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Here, I discuss how to select the proper watch size for your wrist.
After explaining how to measure your wrist size, I’ll go over a few alternative approaches to picking the right size watch for you.
Does Watch Size Even Matter?
Is watch size even relevant, to begin with?
Yes, just as it’s important to wear clothing that fits your body, it’s important to wear a watch that fits your wrist.
Does this imply that, no matter how much you love a watch, you can’t wear one that is fairly big or small?
No, you should wear the watch that you love.
The size doesn’t really matter, but if you want to get the ideal watch for your wrist, this article will be helpful.
Let’s quickly introduce the watches that I’ll be mentioning in this article.
All of these watches are by German watchmakers NOMOS.
The Tangente 35 mm is the first watch on the list, followed by the Metro Date Power Reserve 37 mm, Metro Neomatik 39 mm, and Orian Neomatik Date 41 mm.
In order to cover the complete range of sizes, I’ll use these watches as examples.
Most Common Mistake
Guys frequently make the mistake of wearing watches that are too large for their wrists when it comes to wearing watches.
Over the past ten years, watch sizes have substantially expanded, and most modern watches are now overly large.
They are big for no reason, much like big automobiles with small engines. Most of these watches are battery-powered, they’re quartz fashion watches. There are no intricate internal workings, nor does the watch feature a lovely mechanical movement.
They are hence big merely for the sake of being big.
Men used to carry about pocket watches before the wristwatch was created, and their size was what made these little mechanical gadgets so wonderful. The clock was finally portable.
Oversized large watches are still fashionable for men at the moment. At one point, it was cool to have an unnecessary large watch, and recently the trend has started to swing back in the opposite direction.
Similar to how men have been conditioned to think that loose clothes is better than form-fitting, guys have been taught that larger is better and that larger watches are better for men while smaller watches are more feminine.
This is absurd. Everyone, regardless of gender, should simply wear what fits them, just as with clothing.
However, if you do have a narrow wrist, I think you should try to avoid wearing watches that are too big. If you’re a bigger guy and want to wear a smaller watch, that’s absolutely OK; it won’t look too horrible.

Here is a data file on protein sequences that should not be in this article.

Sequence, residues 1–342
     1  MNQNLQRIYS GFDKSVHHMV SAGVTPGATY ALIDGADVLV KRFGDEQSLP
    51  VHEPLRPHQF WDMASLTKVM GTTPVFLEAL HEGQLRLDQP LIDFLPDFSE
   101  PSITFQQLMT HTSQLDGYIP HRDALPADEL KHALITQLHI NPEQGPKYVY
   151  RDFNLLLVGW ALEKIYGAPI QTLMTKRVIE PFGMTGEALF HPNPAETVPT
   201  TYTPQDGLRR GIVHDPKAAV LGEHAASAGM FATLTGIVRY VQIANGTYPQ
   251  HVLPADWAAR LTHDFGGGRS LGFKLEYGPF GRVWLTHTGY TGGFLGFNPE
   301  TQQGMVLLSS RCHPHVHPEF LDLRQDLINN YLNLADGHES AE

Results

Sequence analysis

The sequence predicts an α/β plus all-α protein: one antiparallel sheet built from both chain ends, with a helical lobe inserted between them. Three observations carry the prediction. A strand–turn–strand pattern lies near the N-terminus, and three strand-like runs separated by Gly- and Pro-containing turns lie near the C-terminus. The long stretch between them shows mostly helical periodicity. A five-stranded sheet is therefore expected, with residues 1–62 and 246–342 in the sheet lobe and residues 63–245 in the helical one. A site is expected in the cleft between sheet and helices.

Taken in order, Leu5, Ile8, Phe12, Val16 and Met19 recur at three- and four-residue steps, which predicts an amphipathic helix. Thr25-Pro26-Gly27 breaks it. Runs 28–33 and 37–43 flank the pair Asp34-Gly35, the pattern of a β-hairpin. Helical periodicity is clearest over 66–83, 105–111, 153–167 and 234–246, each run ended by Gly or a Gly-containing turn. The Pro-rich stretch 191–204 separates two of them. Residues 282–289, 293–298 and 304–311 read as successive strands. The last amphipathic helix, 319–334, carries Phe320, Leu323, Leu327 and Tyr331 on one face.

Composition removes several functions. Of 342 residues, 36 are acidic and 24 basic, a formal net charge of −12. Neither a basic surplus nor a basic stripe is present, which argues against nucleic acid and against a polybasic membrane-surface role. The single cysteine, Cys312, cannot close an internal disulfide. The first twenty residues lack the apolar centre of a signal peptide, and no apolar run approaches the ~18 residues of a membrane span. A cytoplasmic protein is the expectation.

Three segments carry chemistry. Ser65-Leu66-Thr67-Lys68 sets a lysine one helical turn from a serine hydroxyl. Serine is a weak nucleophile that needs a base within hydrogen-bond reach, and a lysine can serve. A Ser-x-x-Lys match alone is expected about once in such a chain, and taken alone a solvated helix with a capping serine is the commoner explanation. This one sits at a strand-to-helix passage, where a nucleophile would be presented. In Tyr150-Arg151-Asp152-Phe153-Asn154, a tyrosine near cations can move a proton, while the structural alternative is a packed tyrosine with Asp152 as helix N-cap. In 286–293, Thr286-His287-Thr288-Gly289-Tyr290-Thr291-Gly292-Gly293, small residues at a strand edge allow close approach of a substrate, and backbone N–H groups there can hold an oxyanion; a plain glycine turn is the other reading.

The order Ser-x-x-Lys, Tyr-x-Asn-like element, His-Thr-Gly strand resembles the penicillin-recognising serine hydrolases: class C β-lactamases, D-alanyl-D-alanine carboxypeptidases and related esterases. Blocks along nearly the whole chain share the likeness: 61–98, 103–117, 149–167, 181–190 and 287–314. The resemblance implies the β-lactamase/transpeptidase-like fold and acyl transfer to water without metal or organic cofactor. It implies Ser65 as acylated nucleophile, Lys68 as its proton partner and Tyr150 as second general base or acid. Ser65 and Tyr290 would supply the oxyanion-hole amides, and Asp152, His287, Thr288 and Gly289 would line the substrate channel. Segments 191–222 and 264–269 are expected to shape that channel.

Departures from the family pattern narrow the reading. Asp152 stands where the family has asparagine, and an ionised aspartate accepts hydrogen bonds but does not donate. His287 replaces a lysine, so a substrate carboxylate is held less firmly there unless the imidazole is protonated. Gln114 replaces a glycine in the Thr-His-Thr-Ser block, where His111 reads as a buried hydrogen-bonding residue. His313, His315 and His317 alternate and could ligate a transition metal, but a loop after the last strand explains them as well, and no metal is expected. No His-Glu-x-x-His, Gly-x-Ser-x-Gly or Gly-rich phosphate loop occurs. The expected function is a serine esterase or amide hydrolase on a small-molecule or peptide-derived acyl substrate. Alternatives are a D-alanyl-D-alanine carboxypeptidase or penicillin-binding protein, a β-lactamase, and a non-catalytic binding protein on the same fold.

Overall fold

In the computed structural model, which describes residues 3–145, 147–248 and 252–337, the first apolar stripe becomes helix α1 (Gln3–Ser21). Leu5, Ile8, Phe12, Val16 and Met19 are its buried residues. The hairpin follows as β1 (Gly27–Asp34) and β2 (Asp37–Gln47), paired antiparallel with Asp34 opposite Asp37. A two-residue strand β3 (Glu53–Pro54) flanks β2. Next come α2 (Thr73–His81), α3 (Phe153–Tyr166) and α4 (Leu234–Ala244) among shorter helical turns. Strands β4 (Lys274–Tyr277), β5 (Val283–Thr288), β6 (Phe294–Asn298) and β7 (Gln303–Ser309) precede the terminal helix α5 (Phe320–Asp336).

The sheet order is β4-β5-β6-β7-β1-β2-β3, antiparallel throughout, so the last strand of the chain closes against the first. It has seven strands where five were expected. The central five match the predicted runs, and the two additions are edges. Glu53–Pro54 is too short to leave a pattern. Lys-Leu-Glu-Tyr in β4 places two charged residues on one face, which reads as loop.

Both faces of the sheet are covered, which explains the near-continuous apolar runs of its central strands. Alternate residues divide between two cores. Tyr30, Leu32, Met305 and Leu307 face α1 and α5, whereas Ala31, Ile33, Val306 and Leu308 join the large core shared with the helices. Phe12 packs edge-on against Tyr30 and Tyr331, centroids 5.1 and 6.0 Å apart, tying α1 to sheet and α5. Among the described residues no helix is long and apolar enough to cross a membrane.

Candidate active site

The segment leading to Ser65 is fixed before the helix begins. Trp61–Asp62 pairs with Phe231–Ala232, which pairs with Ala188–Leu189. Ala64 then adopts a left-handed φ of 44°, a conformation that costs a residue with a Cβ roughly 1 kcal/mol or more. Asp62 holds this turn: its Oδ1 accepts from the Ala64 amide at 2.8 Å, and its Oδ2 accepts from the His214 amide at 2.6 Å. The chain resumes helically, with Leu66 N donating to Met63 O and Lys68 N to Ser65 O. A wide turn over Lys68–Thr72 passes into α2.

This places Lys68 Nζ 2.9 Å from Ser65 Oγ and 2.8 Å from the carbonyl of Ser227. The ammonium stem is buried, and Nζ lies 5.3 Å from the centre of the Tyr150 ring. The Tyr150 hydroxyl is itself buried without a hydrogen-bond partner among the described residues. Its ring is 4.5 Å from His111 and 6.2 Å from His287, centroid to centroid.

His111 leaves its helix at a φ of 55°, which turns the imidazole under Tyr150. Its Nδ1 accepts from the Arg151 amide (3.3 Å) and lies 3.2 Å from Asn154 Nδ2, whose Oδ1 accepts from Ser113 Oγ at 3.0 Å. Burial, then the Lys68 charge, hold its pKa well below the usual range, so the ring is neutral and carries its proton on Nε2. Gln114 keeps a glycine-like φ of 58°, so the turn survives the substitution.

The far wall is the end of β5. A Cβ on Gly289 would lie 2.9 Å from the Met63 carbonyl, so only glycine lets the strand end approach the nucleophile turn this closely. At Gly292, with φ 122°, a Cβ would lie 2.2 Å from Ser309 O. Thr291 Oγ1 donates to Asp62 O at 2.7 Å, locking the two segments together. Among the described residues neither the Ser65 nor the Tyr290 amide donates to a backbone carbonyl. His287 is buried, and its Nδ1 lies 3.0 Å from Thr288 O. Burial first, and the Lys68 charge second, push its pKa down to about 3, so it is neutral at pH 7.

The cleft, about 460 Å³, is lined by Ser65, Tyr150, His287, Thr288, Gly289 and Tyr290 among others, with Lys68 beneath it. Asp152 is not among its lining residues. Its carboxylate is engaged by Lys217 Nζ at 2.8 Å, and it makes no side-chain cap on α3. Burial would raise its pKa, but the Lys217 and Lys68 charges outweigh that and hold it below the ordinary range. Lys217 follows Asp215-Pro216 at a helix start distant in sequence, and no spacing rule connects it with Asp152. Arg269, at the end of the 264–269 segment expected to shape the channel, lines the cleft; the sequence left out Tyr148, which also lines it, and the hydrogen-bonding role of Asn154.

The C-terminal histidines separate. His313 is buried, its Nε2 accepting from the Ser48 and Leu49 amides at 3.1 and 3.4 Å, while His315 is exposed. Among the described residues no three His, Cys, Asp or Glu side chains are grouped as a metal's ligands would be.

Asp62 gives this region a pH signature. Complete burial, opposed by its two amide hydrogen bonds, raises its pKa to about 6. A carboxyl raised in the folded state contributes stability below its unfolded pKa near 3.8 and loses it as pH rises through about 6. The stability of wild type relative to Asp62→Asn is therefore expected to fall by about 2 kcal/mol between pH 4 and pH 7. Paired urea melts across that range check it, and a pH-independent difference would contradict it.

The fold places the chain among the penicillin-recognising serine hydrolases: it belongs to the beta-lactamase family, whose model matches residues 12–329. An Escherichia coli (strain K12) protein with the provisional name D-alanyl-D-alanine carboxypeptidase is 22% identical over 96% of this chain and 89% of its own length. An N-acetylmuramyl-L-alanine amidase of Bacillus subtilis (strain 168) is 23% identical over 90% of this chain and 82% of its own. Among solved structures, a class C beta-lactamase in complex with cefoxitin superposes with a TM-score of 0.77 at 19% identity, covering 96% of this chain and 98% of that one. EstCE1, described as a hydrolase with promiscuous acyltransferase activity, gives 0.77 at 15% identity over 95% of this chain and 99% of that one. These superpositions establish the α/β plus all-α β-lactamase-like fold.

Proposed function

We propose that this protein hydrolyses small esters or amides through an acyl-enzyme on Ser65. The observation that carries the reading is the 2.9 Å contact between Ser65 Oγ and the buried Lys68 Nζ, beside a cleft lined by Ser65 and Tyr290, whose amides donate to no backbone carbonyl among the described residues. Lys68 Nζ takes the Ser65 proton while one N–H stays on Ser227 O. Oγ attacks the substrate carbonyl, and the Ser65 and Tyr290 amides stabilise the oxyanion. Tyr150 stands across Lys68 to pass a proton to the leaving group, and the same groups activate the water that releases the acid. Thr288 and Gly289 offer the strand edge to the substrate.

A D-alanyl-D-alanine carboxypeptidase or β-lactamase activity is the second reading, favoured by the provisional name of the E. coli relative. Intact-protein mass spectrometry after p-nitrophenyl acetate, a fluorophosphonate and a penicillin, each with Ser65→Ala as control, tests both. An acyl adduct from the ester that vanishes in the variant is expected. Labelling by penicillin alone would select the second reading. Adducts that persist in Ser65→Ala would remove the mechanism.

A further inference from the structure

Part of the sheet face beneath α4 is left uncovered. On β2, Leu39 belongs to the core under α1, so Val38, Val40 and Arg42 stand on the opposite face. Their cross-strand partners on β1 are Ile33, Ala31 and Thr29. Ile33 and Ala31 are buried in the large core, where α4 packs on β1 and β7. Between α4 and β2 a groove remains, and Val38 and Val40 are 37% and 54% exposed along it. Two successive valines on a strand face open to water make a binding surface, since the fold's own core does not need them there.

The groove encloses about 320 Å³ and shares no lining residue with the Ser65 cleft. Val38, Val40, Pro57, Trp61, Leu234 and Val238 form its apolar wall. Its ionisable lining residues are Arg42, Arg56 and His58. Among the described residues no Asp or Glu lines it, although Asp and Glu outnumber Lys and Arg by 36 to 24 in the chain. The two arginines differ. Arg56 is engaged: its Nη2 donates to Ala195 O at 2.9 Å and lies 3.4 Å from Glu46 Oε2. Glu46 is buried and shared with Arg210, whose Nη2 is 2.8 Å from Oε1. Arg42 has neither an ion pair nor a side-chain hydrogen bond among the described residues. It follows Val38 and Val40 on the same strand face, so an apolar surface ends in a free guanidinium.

How to Measure Wrist Size For Watch
How do you figure the size of your wrist?
This is the first step in finding a suitable watch and the good news is, it’s very easy.
Simply wrap a soft measuring tape, also known as a tailor’s tape, around your wrist at its widest point, which is right around the bone.
And, that’s it, that’s your wrist size.
If you don’t have a soft measuring tape, you may also use a piece of string or even a piece of paper that you cut into a strip, wrap around your wrist, mark with a pen, then lay out flat and measure with a ruler or measuring tape.
So, once you know your wrist size, than you’ll have an understanding of which watches are gonna work best for you.
Watch Size guide Wrist Male
Here is an approximate guideline for your reference:
- Small: wrist size under 6 inches, watches 34 mm – 37 mm.
- Medium: wrist size 6.5 inches, watches 38 mm – 41 mm.
- Large: wrist size over 7 inches, watches 42 mm – 45 mm.
Take everything with a grain of salt since, once more, none of this is set in stone.
Let’s discuss the actual sizes of watches.
Two dimensions need to be considered. Case diameter is the first, and lug to lug is the second.
The most important measurement is the case diameter, which is typically listed. The case diameter is what is meant when you see a watch with a 35 mm designation.
The distance between the bottom and top of the lugs, which is known as the lug to lug measurement, should also be taken into consideration.
Nevertheless, keep in mind that this is not the same as lug width, which defines how broad the strap is.
The majority of the time, watches with big cases will have greater lug to lug distances, although some manufacturers, namely NOMOS, are infamous for having longer lug distances on smaller watches.
For instance, the Metro Date Power Reserve 37 mm watch has a lug to lug distance that is rather large. That is something to bear in mind, particularly if your wrist is smaller.
It’s important to conduct a simple visual assessment for that reason. You should try on a watch before buying it, especially if you’re going to spend a lot of money on it. Also, you should be honest with yourself about how it looks on your wrist.
What you should watch out for with the lug to lug is that the lugs shouldn’t protrude past your wrist. According to conventional belief, the lugs shouldn’t extend past your wrist.
And once more, while this is a sound advice, it’s okay if you ignore it. For instance, I have a 38 mm watch that, while theoretically too big for my wrist and having a very long lug to lug measurement, I still wear because I like it.
Having stated that, I believe the ideal range for guys is between 38 and 40 mm. A 38 mm or 40 mm watch will look great on the majority of guys with average-sized wrists, regardless of the distance between the lugs or any other measurement.
For instance, the Metro Neomatik 39 mm version will look fine on just about anyone. If I had to choose from the NOMOS lineup as a guy with more slim wrists, I would unquestionably choose the 35 mm or the 37 mm.
However, always keep in watch that you should wear a watch that makes you happy, that you enjoy wearing, and that encourages you to check your wrist more frequently throughout the course of the day.